At 22, I turned down my boyfriend’s offer of a gun. The cop, who responded to the 911 call when my stalker broke into the house and stole my leotard, panties, hairbrush, and ballet slippers, insisted a gun could make things worse. That I’d probably hesitate at an intruder’s sob story and he’d wrest the gun away from me.
I was no stranger to men wanting to get in without permission: in my home, my car, my head, my mouth, my pants. I’ve lived a life punctuated by more than my share of abuse, assault, and an endless lineup of groping, threatening men in social settings and the workplace. Even in high school, a boy set a contact explosive on my locker when I refused to date him.
In the end, I refused the offer of weaponry because I’d been convincing myself that my quick mind, snappy tongue, my balled fists and fleet feet were all the protection I needed. This grew, in part from a defining moment during my early twenties while traveling solo for a year in Europe. I was hurrying from the restroom to a beer hall at the Munich Oktoberfest, where my new travelling companions waited. Skirting other beer lovers over the cobbled road, two cute tall, blond guys walked toward me, smiling big. I smiled back. They parted and let me pass between them. I was working out how to say bread-and-butter in German when they each grabbed one of my arms and carried me into the dark behind an empty tent where they tore at my clothes. For ten seconds, I froze, terrified, until my body surged with a startling, explosive rage born of the times I’d been molested, raped, humiliated, frightened; all the times I’d been cowed, too afraid to fight back. Blood surged through my veins, pounded in my head. I became a convulsion of screaming, kicking, biting, scratching, punching. My ferocity shocked them.
Sheit! one cursed and dropped me; Misstück! (bitch) the other hissed as they fled. Unsteadily, I returned to my friends, my shock slowly giving way to a shaky triumph. I took this victory as proof that I could protect myself. I vowed to stay on guard, believing that if I never let fear best me, I could keep safe.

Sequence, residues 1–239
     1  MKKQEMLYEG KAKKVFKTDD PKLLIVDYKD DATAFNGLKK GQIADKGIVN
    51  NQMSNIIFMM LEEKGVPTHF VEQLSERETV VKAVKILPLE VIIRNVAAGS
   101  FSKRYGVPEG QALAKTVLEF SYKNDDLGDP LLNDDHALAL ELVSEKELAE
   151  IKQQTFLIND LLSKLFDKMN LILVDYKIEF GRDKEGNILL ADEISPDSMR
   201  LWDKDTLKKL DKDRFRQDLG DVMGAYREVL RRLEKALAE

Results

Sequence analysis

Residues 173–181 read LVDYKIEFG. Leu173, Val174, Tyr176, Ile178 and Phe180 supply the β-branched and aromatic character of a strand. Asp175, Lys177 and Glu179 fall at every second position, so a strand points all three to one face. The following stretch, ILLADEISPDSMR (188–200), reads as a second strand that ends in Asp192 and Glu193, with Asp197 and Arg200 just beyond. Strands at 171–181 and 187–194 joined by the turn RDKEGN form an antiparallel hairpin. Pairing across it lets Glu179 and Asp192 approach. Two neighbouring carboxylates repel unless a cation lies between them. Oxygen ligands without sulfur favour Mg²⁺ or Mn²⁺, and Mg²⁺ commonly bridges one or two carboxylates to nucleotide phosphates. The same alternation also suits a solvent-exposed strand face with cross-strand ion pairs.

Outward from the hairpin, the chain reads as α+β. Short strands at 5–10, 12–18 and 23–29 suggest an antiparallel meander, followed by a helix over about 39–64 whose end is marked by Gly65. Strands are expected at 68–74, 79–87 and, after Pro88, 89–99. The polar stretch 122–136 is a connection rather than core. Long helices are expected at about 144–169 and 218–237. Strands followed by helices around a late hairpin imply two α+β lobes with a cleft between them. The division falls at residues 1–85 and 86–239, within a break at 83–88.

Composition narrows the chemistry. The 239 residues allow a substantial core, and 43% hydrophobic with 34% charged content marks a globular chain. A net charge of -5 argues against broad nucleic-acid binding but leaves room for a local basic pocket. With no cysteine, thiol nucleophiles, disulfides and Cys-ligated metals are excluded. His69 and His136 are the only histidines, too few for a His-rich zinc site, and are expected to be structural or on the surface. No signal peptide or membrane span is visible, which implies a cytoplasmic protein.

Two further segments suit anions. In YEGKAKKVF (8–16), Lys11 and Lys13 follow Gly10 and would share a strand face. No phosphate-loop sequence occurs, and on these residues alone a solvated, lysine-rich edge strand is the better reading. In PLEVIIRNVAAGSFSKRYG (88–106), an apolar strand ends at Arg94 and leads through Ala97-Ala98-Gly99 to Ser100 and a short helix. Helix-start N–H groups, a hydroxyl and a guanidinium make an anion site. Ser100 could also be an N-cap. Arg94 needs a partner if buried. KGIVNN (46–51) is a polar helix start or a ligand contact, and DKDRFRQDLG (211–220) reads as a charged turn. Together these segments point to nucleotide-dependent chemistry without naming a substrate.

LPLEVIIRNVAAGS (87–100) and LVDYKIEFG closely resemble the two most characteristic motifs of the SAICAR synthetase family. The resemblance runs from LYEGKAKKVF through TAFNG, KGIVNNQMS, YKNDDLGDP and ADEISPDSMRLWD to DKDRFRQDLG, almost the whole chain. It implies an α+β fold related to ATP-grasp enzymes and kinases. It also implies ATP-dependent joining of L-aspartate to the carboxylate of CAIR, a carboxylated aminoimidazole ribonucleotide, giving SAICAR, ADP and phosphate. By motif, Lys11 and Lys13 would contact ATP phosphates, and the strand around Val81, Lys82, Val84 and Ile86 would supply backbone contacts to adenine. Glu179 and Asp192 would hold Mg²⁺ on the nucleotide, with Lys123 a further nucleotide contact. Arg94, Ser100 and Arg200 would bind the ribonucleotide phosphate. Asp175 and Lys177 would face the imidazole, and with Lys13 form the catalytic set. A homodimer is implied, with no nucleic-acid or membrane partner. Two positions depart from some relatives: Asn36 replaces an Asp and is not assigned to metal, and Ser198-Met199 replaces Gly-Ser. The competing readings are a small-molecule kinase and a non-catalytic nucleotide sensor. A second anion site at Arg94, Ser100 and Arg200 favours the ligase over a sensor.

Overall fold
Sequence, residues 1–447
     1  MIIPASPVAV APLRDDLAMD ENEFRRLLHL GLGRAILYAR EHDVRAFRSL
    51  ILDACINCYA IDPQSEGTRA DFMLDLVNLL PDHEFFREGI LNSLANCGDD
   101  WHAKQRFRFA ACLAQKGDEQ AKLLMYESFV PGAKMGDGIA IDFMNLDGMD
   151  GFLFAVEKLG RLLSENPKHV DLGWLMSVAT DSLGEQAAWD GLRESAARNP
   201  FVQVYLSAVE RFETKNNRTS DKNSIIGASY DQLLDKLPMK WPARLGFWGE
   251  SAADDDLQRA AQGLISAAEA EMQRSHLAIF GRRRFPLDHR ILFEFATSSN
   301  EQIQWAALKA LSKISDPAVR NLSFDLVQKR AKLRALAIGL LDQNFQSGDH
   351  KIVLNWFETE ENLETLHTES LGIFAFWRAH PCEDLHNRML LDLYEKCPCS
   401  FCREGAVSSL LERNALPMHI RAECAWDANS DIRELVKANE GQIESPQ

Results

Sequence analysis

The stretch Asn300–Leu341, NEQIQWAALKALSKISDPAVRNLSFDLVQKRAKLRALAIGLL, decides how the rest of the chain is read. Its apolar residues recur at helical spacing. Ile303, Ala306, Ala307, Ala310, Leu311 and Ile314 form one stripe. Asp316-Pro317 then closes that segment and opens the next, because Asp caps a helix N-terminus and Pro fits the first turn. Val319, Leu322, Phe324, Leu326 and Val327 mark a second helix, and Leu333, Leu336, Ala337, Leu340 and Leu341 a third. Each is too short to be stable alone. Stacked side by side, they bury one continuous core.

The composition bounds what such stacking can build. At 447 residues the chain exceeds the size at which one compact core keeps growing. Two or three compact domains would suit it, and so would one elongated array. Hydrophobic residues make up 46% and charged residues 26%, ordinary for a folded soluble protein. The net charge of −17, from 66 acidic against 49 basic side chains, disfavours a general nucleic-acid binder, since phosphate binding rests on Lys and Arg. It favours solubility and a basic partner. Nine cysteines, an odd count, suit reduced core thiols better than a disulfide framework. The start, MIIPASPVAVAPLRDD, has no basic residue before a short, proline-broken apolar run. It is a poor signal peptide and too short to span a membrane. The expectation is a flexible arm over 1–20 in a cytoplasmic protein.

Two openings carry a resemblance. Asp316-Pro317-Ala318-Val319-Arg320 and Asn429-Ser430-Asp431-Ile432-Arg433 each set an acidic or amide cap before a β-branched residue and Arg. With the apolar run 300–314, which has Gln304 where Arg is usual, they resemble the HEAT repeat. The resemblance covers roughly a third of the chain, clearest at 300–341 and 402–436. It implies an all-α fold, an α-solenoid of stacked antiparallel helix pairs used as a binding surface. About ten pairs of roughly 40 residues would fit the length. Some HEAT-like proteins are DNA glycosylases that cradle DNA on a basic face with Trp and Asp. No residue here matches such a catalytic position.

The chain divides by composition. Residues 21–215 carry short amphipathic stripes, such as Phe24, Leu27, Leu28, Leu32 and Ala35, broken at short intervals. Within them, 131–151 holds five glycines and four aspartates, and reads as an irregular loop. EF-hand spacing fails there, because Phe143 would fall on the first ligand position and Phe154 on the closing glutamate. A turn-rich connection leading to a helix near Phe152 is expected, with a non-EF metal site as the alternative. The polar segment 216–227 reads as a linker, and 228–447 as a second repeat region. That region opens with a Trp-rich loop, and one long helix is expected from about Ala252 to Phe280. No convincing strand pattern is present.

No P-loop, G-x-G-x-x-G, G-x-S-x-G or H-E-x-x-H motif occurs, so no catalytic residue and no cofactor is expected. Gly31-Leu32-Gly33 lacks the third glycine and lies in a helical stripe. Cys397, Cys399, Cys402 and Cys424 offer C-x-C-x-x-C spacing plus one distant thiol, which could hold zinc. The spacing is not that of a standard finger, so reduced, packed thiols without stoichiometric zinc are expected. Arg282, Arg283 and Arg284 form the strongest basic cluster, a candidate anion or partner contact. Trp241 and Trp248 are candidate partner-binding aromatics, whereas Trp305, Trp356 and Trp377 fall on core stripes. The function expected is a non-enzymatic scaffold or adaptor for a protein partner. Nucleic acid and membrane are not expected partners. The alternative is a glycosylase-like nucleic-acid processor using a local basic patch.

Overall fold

I come from good guys. A large family with a loving father and brothers. I love men and told myself that I just had to be smart and keep a close watch out for the bad ones. I learned to never walk at night without tracking who was ahead and behind me, my keys laced outward through my fingers. I stopped making eye contact with strangers. Years went by without another attack or rape, and for many years, I operated under an ignorant confidence in my ability to keep myself safe. A confidence intensified when I became a mother and was filled with a primal instinct to protect. When a man threatened or frightened me or someone I loved, I would freeze for few seconds, until my fear downshifted, remembering my past in a singular fury, assaulted for daring to move freely through the world as a female. My caution and fury felt like a super power, like the mother who lifts a car off her trapped child.
Decades later, when Donald Trump’s Access Hollywood tape sent shivers down the spine of America’s women, I began to relive terrifying memories, the ones I’d tried to forget so they could no longer hurt me, the ones I believed I’d locked up tight and put away for good. Things I never told a soul. Not my parents, my siblings, not my therapist. Not even my husband.
At a writing residency on Whidbey Island in the state of Washington, just weeks after the tape’s release, I lingered after dinner with six women around Hedgebrook’s farmhouse table, trying to make sense of a presidential candidate who bragged that he “grabs ’em by the pussy.” That night, we shared our own troubled stories of harassment, violence, abuse. All but one of us had been raped or assaulted at some point in her life. I was shocked and saddened by the universality of these experiences, and the revelation that most of us had never shared our story with anyone. Later that night, walking back to my cabin, my flashlight bouncing through the dark woods, I heard a crashing through the bushes, felt the presence of someone following. My brain reasoned that it was only a coyote, perhaps a dog, but a voice deep inside warned it was a man.